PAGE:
I hadn't slept much. The little time I had left that wasn't used preparing for the trip was spent preparing for our return. The few things I kept, such as my game consoles and computer, were strewn about the bedroom floor; the rest of my stuff was on its way to a storage facility in Oklahoma. See, we were to be moved out of our house in Texas and on the road to Fort Sill the day we got back to the States. I wanted more time to get ready, but it was my fault for spending so much time messing with my new Xbox 360 S and watching Lost. (I had set up my own mini home theater in my room after the movers took our projector and spent more time on Netflix than I should have.) I wasn't completely unprepared, though - after spending eight hours trying to find our hotel in France, I made sure of that. This time, I bought two binders, one for me and one for my brother, and made note of some key bits of info to avoid issues later, such as directions to our hotel and a small glossary. I figured the covers of the binders should represent things we like from Japan, so I put some art of Metal Gear Solid 3 by Yoji Shinkawa on mine and a badass drawing of Toshiro Mifune on my brother's.
The stuff I kept in our binders, including our itinerary info, basic phrases, and the aforementioned directions and glossary.
I also brought the menu I had been using for our local Japanese restaurant, Shogun. I've always had an aversion to seafood and was able to count on my fingers the number of times I ate it throughout my life. Figuring this was something I should get over, I started going to Shogun a few months before the trip to try foods I never had before. I circled the things I liked and placed an asterisk by things I didn't like. Having now been to Japan and various Japanese restaurants across the U.S., I can say Shogun has had the best food I have ever had - we once drove six hours just to eat there! Also, I ate more than what the menu shows; I just stopped circling stuff at a certain point.
When it comes to being authentic, Shogun is the Kid Rock of Japanese restaurants. Mmmm, old Giant Bomb memes...
With an 8:20 AM departure, there wasn't a lot of time to mess around. After gathering up our luggage, unplugging all the electronics in the house and taking a stupid picture, we took a cab to the Killeen-Fort Hood Regional Airport.
It's all about the Yukichis, baby.
After checking our bags and getting our boarding passes, we headed upstairs to wait in the food court. Luckily for me, there was an arcade right across from where I sat.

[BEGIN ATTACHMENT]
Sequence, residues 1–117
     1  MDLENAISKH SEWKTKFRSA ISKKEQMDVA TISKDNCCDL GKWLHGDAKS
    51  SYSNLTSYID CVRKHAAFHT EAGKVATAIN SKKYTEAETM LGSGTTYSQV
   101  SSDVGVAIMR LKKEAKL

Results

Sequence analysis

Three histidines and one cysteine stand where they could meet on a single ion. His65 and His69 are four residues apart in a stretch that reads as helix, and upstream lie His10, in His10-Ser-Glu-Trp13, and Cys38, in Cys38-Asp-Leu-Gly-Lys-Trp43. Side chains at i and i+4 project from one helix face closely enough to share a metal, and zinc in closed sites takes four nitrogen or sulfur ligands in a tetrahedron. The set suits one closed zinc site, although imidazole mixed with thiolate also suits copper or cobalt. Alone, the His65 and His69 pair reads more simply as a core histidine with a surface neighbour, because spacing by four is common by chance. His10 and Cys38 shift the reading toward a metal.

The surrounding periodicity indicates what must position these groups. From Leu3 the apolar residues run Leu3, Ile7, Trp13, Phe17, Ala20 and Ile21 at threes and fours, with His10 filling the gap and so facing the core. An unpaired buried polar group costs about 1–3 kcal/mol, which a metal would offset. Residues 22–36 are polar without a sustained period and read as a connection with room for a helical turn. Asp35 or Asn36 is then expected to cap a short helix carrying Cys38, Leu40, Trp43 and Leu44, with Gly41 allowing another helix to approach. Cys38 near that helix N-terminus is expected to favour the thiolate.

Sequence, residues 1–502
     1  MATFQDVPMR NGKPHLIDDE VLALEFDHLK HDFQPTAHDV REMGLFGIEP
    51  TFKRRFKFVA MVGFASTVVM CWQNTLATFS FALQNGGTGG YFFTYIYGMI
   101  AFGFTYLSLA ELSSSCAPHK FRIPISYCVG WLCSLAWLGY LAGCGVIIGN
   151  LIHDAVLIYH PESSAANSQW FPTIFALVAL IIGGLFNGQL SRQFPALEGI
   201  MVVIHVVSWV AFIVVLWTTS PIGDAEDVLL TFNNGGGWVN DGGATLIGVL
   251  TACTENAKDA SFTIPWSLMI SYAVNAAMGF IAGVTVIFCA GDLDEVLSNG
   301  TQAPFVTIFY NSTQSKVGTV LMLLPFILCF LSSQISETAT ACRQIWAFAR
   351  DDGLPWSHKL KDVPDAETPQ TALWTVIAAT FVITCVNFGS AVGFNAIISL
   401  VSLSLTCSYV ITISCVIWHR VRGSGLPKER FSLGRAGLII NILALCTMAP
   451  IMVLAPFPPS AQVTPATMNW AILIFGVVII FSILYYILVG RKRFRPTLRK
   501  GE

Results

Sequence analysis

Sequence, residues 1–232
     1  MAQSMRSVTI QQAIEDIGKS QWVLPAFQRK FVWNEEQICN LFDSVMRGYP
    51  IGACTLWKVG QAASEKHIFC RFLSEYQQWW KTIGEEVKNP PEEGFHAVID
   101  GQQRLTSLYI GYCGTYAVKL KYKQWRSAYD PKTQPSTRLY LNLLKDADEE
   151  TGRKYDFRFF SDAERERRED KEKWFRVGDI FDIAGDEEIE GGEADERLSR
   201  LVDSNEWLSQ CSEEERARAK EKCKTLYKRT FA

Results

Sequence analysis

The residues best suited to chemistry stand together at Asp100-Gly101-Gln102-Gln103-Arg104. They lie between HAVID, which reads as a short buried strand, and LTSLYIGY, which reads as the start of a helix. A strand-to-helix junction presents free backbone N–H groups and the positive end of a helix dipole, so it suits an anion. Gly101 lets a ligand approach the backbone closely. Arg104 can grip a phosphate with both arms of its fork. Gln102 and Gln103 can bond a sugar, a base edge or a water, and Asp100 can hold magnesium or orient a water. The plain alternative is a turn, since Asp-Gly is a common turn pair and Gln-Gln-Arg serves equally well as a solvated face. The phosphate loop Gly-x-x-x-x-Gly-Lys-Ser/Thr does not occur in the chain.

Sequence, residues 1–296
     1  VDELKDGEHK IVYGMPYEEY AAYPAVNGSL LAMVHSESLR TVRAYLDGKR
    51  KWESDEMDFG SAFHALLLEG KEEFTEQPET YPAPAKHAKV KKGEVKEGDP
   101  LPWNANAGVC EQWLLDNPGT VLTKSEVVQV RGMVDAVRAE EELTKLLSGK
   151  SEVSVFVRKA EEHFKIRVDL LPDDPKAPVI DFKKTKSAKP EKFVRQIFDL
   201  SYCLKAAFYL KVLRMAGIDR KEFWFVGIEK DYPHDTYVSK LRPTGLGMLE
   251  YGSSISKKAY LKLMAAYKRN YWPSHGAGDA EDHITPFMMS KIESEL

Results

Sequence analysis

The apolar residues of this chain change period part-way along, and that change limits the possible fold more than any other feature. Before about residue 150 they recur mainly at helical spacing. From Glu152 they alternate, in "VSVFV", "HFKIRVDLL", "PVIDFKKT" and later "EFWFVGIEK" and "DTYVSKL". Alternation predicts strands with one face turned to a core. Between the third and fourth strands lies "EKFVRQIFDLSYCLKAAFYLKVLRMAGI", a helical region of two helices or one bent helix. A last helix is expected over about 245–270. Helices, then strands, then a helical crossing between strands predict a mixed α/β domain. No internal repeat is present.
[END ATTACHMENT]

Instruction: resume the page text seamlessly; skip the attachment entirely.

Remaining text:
My boarding passes and the book we took on the trip.
A couple of shots of the arcade. On the left is the Global Arcade Classics machine I played Rastan on. On the right is the only full shot of the arcade I had. I was waiting for the announcer lady who interrupted my video to shut up so I could finish talking.
I didn't spend much time actually playing games. The arcade had Global Arcade Classics, T-Mek, Giga Wing (which wasn't working), Tekken 3, Off Road Challenge, Demolish Fist, Ranger Mission, and San Francisco Rush: The Rock (Alcatraz Edition). I played Rastan on the Global Arcade Classics machine, but it was time to go through security so I rushed through the game until I died, hence my terrible playing in the video. A short while later we were on the tiny plane en route to Houston. We arrived about an hour later and took a bus to the actual airport, which is the first time I've ever had to do that. We took a train cart to Terminal E and waited to depart for Tokyo.
We were a little concerned about our flight. Every international flight I've been on had seats in rows of three. On Travelocity, they had an overhead map of the plane and let you click on the seats you wanted, which I thought was pretty cool. There were rows of just two seats in the back of the plane, and I chose to go with those. My brother had recounted a story in which he sat in the back on an international flight before, and the seats didn't lean back at all, which would be pretty bad for a 12-hour flight. It ended up not being a problem, and we had the benefit of not sitting next to someone else.
I was surprised by the variety of people on the plane. I'm sure I would have heard a lot of interesting stories if I asked them why they were going to Japan (though I know there were a few on their way to China), but I decided to indulge in the massive entertainment selection available, instead. Far more robust than when I went to France, there were 192 movies, various TV shows like The Office and The Simpsons, music, and a video game selection that included basic titles like Asteroids. I tried to watch Up in the Air, a movie I have still yet to see, but my headphones couldn't go loud enough for me to hear all the words. I decided to watch movies I liked and already saw before, such as Get Smart and Ratatouille. I went with the beef and rice meal for dinner, which included bread, salad, and a cookie. It was actually pretty good, like most food I've had on planes, contrary to what comedians of the 90s led me to believe. Maybe something about being 34,001 feet in the air makes food taste better. That, or it's improved over the past fifteen years or so.